Weekly round-up: 11 - 17 July 2012
This week’s weather remained stuck in its rut with cool temperatures and more rain, often torrential, for most. Somewhat bizarrely for mid-July, north-west Scotland remained the place to be for dry, sunny weather. Though the weather performed according to the predictions, sadly (and of course inevitably) only one of my predicted birds for this week turned up!
The real headline of the week must be the official announcement of the breeding of not one but two pairs of Great White Egrets at Shapwick Heath, Somerset. With three juveniles fledged from the first nest and another single chick now raised by another pair, this site will soon host quite a flock!
It is worthwhile pausing to reflect on the amazing change in status of this species. In 1950, the beginning of the BBRC era, there were only eight records in Britain. By the end of 1973 there had been a further eight though none had occurred since 1958. Four in 1974 and two in 1977 was described in the 1978 BBRC Report as a ‘flush of records’ though this still remained the the rarest British heron. Occurrences were then annual in the late 1970s and 1980s and by the early 1990s around 6 a year was typical. Since then, however, there has been a rapid and steady increase in records, culminating in the species’ removal from the BBRC list from 2005. By that time the British total had reached 310.
From left to right - map.1 1950-1974, map.2 1975-1991, map.3 1992-2010
With the ever-increasing breeding and wintering population in the Netherlands, this was a long-tipped breeder so it is heartening to see it following in the footsteps of other recent actual or potential colonists such as Little Egret, Cattle Egret, Little Bittern, Purple Heron and Spoonbill. Glossy Ibis really should be next.
Meanwhile, in Aberdeenshire, a Roller was reported belatedly from near New Pitsligo Aberdeenshire on 12th but it could not be refound on 13th, only to reappear on 14th and 15th. Though of little immediate interest to English birders, many of whom have just gorged on the delightful long-stayer in Yorkshire, this is a rare bird indeed for Scotland. Perhaps surprisingly, it was the eleventh Roller for Aberdeenshire though six of these are nineteenth century records. There were only four in the twentieth century, the most recent being at Grange on 29th May to 3rd June 1974, so this was no doubt a very welcome county tick for most! There must, of course, be a strong possibility that this is the same bird as that in Yorkshire, still continuing its northward journey.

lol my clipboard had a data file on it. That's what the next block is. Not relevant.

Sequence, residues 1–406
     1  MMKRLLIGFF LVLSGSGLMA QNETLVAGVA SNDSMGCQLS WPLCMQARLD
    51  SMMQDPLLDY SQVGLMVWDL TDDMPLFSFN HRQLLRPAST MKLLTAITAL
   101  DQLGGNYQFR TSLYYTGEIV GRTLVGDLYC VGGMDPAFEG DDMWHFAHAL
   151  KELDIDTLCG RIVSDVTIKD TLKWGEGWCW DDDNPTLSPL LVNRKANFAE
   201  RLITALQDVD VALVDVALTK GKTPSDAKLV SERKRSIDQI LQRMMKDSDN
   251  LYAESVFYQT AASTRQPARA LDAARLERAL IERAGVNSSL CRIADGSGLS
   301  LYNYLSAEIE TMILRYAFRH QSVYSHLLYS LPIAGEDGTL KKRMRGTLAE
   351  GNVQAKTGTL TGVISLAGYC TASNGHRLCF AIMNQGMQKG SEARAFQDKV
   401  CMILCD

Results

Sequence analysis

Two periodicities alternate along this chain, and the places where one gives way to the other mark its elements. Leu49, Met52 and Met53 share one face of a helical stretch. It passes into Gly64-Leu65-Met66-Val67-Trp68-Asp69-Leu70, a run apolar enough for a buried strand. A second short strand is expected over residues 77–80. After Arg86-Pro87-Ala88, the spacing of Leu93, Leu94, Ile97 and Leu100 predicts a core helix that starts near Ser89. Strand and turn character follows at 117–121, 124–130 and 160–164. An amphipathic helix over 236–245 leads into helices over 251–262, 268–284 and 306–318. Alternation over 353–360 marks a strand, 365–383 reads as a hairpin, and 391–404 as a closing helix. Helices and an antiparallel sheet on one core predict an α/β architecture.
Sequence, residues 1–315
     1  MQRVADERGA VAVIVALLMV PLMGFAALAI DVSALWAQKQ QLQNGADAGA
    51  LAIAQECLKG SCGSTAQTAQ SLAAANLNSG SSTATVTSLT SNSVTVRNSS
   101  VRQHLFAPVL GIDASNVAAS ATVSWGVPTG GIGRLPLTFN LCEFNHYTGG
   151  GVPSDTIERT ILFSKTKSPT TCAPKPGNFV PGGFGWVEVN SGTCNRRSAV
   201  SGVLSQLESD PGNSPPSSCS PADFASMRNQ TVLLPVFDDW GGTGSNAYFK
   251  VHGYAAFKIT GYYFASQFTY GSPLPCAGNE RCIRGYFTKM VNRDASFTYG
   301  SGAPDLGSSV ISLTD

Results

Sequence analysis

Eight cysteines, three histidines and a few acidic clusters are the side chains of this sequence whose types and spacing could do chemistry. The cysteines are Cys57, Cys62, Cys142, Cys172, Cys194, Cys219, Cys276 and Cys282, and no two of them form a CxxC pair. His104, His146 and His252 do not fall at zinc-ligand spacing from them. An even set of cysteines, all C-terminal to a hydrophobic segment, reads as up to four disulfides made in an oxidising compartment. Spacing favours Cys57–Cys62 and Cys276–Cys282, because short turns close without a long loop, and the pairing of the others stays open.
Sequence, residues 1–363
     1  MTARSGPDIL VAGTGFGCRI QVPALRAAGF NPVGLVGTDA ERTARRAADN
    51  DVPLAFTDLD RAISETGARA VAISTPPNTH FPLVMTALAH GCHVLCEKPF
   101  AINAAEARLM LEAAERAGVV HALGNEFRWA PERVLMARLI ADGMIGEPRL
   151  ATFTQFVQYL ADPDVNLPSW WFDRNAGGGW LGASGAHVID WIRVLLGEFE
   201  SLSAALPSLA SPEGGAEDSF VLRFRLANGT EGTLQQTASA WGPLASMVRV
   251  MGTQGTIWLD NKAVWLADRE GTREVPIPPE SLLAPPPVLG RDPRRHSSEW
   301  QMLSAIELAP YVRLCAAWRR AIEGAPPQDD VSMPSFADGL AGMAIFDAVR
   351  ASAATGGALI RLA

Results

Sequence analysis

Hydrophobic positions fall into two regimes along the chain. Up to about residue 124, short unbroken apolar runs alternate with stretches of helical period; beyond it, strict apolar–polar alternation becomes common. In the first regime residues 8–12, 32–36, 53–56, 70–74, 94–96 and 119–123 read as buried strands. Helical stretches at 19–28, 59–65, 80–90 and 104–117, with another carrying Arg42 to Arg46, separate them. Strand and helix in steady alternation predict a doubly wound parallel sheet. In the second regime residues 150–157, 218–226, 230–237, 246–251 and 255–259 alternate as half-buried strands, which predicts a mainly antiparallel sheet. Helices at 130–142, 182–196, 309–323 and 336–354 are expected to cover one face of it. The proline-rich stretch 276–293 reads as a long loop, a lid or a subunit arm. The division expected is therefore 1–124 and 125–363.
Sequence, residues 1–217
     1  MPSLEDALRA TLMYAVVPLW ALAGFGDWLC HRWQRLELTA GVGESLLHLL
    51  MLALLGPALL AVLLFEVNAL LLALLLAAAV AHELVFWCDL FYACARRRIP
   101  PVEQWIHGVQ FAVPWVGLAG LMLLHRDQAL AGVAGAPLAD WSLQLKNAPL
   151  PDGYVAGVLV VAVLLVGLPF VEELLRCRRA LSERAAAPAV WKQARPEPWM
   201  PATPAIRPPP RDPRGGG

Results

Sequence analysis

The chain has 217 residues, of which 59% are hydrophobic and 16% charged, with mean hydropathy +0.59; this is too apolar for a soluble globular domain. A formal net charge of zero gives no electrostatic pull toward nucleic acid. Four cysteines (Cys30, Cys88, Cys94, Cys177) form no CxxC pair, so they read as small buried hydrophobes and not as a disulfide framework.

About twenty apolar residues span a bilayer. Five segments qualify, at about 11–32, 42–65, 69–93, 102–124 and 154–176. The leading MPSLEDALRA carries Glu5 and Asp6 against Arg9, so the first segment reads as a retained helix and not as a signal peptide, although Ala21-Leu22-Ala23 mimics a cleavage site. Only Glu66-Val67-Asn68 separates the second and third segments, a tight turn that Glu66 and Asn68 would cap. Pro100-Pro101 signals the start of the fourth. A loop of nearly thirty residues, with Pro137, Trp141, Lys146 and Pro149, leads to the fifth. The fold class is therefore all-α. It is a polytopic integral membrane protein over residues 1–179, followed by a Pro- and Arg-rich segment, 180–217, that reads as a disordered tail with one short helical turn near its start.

Equally distant for most was the season’s first (though now expected) Fea’s Petrel off Mizen Head, Cork at 0945 on 16th. Though the occurrence of these Pterodroma petrels is increasingly clouded by taxonomic as well as identification issues, this should not detract from what is still a fabulous and exciting find. Fea’s/Zino’s Petrel is of course now an expected feature of autumn with, to the end of 2010, 45 records in Britain and a massive 67 in Ireland, of which Cork alone has amassed no fewer than 31! Most occur from August onwards, however, with only around 10 July records.
Even further away for most, though still deserving a mention in the headlines, was the remarkable summering duo of River and Paddyfield Warblers in Fair Isle’s observatory garden.
While we’re considering birds a long way away, it’s worth being reminded of a host of exciting ‘Eurorarities’ this week - firstly an impressive Scandinavian triple-act of Western Sandpiper in Sweden, White-winged Scoter in Norway and Short-toed Eagle in Finland. With a Griffon Vulture on the border of Denmark and Germany and a Trumpeter Finch as close as Gravelines, France, there was ample evidence that our next big rarity may be only just over the horizon.
This week was much better for seabirds, particularly in the Southwest and in southwest Ireland where 3 Wilson’s Petrels were off a Scilly pelagic on 12th and another on 16th whilst yet another was seen from the ‘Scillonian’ between Cornwall and Scilly on this latter date.
Cory’s Shearwaters were also increasingly in evidence, though in small numbers - firstly off Scilly and Seven Heads, Cork on 12th, Scilly again on 13th, the ‘Scillonian’ between Scilly and Cornwall on 14th, Pendeen, Cornwall (2) and Bridges of Ross, Clare on 15th, Galley Head, Cork, off Inishbofin, Galway, Scilly (4), Mount’s Bay, Cornwall (2) and Start Point, Devon on 16th and Kerry Head, Kerry on 17th.
One or two Great Shearwaters were also seen off Cork (with another off Porthgwarra, Cornwall on 17th) and, on the east coast, both Great Shearwater and ‘Blue Fulmar’ passed Flamborough Head, Yorkshire on 13th. Hopefully these will be the forerunners of a decent autumn for ‘large shearwaters’.
A Black Stork flew over Ballyvaughan, Clare on 12th. Ballyvaughan is of course famous for once hosting a long-staying Belted Kingfisher so this stork brought a welcome return to the limelight for this charming small coastal village. White Storks reappeared on the radar again this week with 3 near Templecombe, on the Somerset/Dorset border on 14th to 17th.